Government strips Uttlesford council of its right to rule on major planning applications
- Credit: Will Durrant
The government has stripped Uttlesford District Council of its right to rule on major planning applications today (February 8).
The Department for Levelling Up, Housing and Communities (DLUHC) has told UDC that it is "not adequately performing" as a planning authority.
DLUHC found that its Planning Inspectorate overturned 16.5% of Uttlesford council's decisions in the two years to March 2020.
Of the 79 major planning applications which Uttlesford council determined or failed to determine over this period, 35 were sent to appeal, and 13 were given the go-ahead by inspectors.
Based on this data, the government has decided to place the council in special measures with a Section 62A Designation Notice, the first time that it has used these powers for seven years.
This means that developers with major plans can choose to bypass UDC and send their proposals straight to the Planning Inspectorate.
Council leader Petrina Lees, of Residents for Uttlesford, has said that the move is a "betrayal of local democracy".
The Conservative Party – which controlled UDC before May 2019 – has warned that “residents will suffer” now that major decision-making is no longer in the council’s hands.
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Cllr Lees said: "We've all seen the reports in the press of the huge donations to the Conservatives by property tycoons.
"We don't 'dance with donors' - we stick up for residents.
"Residents have repeatedly said 'no' to unsustainable development and locally voted the Conservatives out.
"So they've decided instead they want to approve 1,000s of homes via the back door.
"The excuse they are using to seize control comes from their claim that UDC isn't winning enough planning applications on appeal.
"The vast majority of applications today are approved, with just the poorest being refused, and fewer going to appeal for further review.
"This removal of local decision-making is an unwarranted and cynical political move."
Cllr Lees said that developers have eyed up land near Dunmow, Chesterford and Stebbing for large new towns.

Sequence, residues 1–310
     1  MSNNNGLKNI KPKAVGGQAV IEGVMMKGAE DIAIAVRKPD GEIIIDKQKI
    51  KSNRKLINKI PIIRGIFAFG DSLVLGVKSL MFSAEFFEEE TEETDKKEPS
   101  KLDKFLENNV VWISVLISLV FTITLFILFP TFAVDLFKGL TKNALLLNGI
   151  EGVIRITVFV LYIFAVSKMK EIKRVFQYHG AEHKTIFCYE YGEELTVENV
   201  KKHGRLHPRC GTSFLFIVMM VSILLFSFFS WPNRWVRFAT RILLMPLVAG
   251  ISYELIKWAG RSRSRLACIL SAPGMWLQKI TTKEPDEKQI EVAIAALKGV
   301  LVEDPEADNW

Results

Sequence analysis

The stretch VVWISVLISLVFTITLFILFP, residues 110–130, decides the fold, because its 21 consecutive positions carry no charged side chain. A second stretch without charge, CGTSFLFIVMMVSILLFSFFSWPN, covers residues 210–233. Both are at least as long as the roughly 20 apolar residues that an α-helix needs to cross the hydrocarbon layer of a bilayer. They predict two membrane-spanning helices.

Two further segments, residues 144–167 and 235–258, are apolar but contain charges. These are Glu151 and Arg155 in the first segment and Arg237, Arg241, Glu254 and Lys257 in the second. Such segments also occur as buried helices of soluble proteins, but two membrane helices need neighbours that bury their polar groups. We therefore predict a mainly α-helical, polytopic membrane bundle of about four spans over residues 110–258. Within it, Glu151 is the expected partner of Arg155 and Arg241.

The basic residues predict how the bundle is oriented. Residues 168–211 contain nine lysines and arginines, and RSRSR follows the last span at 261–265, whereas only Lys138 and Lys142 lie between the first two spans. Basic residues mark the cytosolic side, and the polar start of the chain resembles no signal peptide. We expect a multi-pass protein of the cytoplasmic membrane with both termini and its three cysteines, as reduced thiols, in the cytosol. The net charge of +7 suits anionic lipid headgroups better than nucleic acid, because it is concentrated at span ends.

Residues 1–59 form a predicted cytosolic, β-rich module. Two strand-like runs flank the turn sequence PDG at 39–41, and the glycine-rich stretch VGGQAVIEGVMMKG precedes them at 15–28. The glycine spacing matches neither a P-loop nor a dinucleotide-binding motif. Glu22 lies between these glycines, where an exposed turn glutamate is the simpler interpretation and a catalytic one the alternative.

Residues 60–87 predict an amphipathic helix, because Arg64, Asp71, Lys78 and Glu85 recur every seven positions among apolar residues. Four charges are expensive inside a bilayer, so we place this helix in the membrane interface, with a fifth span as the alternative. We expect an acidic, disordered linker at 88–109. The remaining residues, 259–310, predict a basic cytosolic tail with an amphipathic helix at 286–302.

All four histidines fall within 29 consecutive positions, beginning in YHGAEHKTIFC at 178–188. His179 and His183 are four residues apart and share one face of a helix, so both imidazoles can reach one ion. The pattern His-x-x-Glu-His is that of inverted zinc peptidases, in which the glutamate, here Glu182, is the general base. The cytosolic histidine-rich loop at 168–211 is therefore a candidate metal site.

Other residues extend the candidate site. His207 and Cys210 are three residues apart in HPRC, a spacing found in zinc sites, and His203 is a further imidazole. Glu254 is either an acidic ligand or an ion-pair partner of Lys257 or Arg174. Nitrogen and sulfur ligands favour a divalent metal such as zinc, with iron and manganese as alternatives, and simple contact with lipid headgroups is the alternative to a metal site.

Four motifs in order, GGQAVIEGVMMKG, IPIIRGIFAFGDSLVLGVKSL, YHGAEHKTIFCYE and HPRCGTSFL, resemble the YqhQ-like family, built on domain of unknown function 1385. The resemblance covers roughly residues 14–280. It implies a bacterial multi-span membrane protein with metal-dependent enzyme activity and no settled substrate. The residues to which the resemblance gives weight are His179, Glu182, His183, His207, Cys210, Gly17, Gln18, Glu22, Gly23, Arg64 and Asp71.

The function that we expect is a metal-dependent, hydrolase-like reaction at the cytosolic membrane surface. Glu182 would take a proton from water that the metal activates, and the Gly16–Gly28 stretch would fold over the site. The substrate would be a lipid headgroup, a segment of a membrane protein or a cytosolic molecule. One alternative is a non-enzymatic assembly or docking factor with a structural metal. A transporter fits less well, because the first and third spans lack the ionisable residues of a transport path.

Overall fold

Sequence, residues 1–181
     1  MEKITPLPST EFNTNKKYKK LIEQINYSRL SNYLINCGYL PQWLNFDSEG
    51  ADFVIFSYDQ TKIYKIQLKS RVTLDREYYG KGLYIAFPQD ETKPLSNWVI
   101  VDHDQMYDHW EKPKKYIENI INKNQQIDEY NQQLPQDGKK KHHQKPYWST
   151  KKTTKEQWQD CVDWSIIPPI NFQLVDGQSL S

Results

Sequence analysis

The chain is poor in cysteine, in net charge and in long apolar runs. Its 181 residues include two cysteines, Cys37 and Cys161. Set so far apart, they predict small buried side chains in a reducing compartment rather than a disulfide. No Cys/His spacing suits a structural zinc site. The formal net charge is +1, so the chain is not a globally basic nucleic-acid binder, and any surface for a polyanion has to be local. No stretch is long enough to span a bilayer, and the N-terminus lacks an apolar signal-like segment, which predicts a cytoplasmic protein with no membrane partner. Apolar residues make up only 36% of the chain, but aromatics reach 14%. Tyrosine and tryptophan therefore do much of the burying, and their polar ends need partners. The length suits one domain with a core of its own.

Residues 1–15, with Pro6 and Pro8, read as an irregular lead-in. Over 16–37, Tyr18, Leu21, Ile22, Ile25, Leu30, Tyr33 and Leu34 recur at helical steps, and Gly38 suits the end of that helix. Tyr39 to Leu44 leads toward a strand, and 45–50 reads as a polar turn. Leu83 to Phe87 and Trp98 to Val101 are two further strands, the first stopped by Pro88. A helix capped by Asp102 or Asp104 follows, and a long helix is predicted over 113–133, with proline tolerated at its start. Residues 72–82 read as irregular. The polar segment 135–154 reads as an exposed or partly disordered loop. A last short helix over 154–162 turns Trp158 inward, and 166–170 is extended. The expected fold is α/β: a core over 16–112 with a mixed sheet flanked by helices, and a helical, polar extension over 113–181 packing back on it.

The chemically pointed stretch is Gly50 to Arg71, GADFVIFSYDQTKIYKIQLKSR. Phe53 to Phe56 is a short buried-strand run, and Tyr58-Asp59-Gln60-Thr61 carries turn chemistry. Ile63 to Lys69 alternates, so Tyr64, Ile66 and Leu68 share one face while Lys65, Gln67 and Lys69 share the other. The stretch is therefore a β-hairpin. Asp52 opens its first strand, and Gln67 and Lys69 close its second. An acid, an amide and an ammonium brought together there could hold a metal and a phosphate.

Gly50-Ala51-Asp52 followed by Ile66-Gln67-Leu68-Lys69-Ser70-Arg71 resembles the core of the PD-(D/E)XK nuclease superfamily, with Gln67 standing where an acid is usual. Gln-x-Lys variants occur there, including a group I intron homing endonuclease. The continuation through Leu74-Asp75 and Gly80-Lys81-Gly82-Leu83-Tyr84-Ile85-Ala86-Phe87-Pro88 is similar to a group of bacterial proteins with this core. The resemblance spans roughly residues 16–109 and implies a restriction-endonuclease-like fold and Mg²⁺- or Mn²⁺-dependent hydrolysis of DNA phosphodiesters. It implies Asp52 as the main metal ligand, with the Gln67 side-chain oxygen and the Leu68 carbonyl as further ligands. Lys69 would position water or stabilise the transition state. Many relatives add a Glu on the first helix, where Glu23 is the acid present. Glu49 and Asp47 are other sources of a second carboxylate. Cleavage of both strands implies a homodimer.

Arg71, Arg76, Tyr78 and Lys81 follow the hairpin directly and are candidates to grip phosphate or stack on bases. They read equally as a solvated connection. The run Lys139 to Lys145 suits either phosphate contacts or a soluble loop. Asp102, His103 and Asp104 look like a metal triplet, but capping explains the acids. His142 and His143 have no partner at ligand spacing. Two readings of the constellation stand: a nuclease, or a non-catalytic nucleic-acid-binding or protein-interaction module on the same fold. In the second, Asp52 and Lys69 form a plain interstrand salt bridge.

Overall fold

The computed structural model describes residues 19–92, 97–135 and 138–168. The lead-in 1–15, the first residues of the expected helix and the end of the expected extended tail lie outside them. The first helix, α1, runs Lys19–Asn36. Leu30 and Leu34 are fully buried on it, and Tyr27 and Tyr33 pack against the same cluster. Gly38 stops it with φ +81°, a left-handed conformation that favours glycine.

She fears that developers could use this Designation Notice to push their plans through.
The government has used a dataset which begins in March 2018 and spans two years.
The Conservative Party had control of UDC at the start of this period.
Conservative councillor George Smith said: "This is another significant failure that R4U have caused the district.
"They will undoubtedly blame everyone else, including the government.
"But it is the decisions that they have taken that has led the government to conclude that UDC should be placed under Designation status.
"It is under R4U that the Planning function at Uttlesford has become dysfunctional."
Cllr Smith added: "R4U councillors have to accept that they cannot ignore planning law for political gain – that is what has led us to where we are today, and why we have the worst performing planning function in the country.
"What impact this will have on the local plan remains to be seen but if the Council cannot decide the future vision of our communities, all residents will suffer."
DLUHC’s Designation Notice is signed by former housing minister Christopher Pincher MP – who was replaced by Stuart Andrew MP in a reshuffle this afternoon.
It reads: "The Secretary of State considers that there are respects in which the planning authority are not adequately performing their function of determining applications for planning permission for major development.
"This designation has effect from 9am on February 8, 2022 and shall remain in force until revoked."
A DLUHC spokesperson confirmed that UDC’s battle to oppose Stansted Airport’s expansion plan contributed to the decision.
The airport wanted permission to expand by building nine new aircraft stands, which was granted by the Planning Inspectorate after a lengthy appeal.
A council document shows that this case has cost UDC over £1million so far.
The DLUHC spokesperson added: "Local decision-making is at the heart of the planning process, but the government will designate planning authorities who are underperforming to ensure communities have a fair and reliable system.
"Uttlesford District Council will now need to improve its performance and we will work with them so that the designation can be lifted as soon as possible."